The HTML for the form is straightforward:

<form action="http://www.kgweb.org.au/cgi-bin/env.pl" method="post"> <input type="submit" value="Show the ENV variables"> </form>

and you can view the perl script which is used to pass the environment variable values back to the browser.

More complex CGI examples

The examples given above are fairly trivial, but CGIs can perform a wide range of complex tasks. Unlike static HTML and even Javascript, CGIs can read and write files and have access to the full power of the server operating system. They also offer a level of code and data security not available in Javascript, which is always viewable from the browser.

The following examples illustrate some of the power of CGIs. The first is a script to email the contents of a form.

Email processor

Of course it is possible to just invoke the mail system using a "mailto:" value for the action attribute within a form, for example:

<form action="mailto:bill@ispx.net.au" method="post"> <h3>Suggestion box form</h3> <p> Please enter your suggestion here:<br> <textarea name="suggestion" rows="10" cols="60"></textarea> <p> Enter your email address: <input type="text" name="email" size="24" value=""> <p> <input type="submit" value="Submit the form"> </form>

Browsers vary in how a "mailto" is handled. Some include the message as text in the mail, and some even manage to format it to some extent, but others just send it "raw" with all the escaped characters (as explained above) included. Others respond to the "mailto" by starting up a local copy of a mail program without sending anything immediately. If you want to know how your browser will act under these circumstances, the easiest way to find out is to try it and see, but remember that others using your web pages may have a different browser.

If you want the behaviour of your web page to be predictable under these circumstances, you can pass the contents of the form to a CGI which then processes the information and emails the result to the desired recipient. This allows full control of the process - for example the input fields can be checked to ensure that all required fields are filled in and the information can be reformatted to make it easy to read. More sophisticated processing can also be carried out, such as redirecting the email depending on the contents of the message, sending it to more than one recipient, saving the contents in a database, and so on.

The CGI will be more useful if it exhibits some "general" behaviour so that it can be used with many different forms. The names of the form elements can be used to indicate required fields and the CGI can reject input which does not have these fields filled in. In the following form which uses the cgi_femail CGI the email address is required (indicated by the "req_" prefix to its name). We have also 'hidden' the email address to discourage harvesters (well, unsophisticated ones, anyway) from adding us to their spam lists:

<form action="http://www.ispx.net/cgi-bin/cgi_femail.pl" method="post"> <input type="hidden" name="subject_fm" value="Suggestion form"> <input type="hidden" name="emailto_fm" value="cgipageATispx.net"> <input type="hidden" name="returnURL_fm" value="http://www.ispx.net/freturn.html"> <h3>Suggestion box form</h3> <p> Please enter your suggestion here:<br> <textarea name="suggestion" rows="8" cols="60"></textarea> <p> Enter your email address: <input type="text" name="req_email" size="24" value=""> <p> Enter your phone number: <input type="text" name="phone" size="18" value=""> <p> <input type="submit" value="Submit the form"> </form>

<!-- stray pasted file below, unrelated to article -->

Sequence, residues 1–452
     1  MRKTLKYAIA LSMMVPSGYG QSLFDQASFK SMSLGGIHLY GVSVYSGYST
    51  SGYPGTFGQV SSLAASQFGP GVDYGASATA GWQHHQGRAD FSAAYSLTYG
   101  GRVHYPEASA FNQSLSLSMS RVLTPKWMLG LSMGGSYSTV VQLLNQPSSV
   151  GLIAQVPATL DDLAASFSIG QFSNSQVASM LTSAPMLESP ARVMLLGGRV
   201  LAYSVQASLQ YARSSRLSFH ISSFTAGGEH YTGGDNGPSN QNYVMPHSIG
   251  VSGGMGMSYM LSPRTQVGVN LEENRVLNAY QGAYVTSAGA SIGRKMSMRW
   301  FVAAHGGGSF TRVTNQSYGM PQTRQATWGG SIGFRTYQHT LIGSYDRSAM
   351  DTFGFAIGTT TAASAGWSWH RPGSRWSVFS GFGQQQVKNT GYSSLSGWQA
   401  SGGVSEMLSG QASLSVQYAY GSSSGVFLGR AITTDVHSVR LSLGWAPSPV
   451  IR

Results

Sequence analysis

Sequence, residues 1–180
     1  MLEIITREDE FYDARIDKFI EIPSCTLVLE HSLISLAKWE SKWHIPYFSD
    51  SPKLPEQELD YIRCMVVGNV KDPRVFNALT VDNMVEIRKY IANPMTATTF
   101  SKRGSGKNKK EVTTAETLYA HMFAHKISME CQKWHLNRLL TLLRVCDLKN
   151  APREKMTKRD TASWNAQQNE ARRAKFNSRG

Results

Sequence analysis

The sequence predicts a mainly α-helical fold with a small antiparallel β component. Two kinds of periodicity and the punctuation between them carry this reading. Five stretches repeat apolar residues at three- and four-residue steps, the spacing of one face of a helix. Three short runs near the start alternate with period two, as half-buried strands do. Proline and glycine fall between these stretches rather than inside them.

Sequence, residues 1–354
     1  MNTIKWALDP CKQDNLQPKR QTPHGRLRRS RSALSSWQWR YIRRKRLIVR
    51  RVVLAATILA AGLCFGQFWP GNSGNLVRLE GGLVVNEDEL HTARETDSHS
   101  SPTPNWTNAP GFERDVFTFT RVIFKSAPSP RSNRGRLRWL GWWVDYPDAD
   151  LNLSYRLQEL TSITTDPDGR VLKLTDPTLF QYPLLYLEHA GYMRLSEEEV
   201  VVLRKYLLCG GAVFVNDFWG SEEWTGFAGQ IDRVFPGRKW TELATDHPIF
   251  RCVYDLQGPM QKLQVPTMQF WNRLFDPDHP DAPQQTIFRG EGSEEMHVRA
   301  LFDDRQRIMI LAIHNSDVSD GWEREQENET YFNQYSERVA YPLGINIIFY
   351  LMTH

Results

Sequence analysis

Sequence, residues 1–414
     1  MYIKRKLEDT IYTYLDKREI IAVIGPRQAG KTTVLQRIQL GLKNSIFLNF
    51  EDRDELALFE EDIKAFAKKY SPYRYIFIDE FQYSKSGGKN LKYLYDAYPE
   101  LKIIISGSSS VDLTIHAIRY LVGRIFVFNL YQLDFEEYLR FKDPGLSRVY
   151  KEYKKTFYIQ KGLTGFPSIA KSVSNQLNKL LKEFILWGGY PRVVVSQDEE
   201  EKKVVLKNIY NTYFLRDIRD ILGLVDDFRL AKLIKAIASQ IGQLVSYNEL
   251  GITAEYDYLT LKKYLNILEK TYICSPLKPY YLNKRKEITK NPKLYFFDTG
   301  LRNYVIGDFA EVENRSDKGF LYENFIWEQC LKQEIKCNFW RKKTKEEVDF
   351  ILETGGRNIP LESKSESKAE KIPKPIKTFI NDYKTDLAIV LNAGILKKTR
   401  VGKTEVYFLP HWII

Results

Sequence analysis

You can have a look at the Perl script which was written as a general forms email processor and try it out with the form below. It includes the email address to which the information is to be sent so that you can enter your own address and see what the email looks like. Note that when you receive the email, the sender will be <nobody> (or www-data) or some other impersonal name. This does not mean that it is spam - it is the name (on our ISP's Unix system) of the owner of the HTTP process which is controlling the mail program, and it is not possible for us to change it. Of course you cannot reply, but then you would not expect to be able to reply to someone who (anonymously unless they provide identifying details separately) fills in a form on a web page. A carefully chosen subject line will help to make the emails from the form easily recognisable.

CGI test form - emailing the form contents

Enter your favourite food:     Enter your lucky number:

Email this form to:    

There are any number of possible improvements which could be made to this simple system. For example the return and error pages are not very pretty; they could be improved, or even combined with the page containing the form (with some query strings and a bit of Javascript). The form fields could be checked before submission with Javascript to save on server-side processing and net traffic. In the same way that some fields are defined as 'required', we could use names beginning with 'num_' to insist that they contain a number (for example the "lucky number" field above), and other similar types of validation could be included.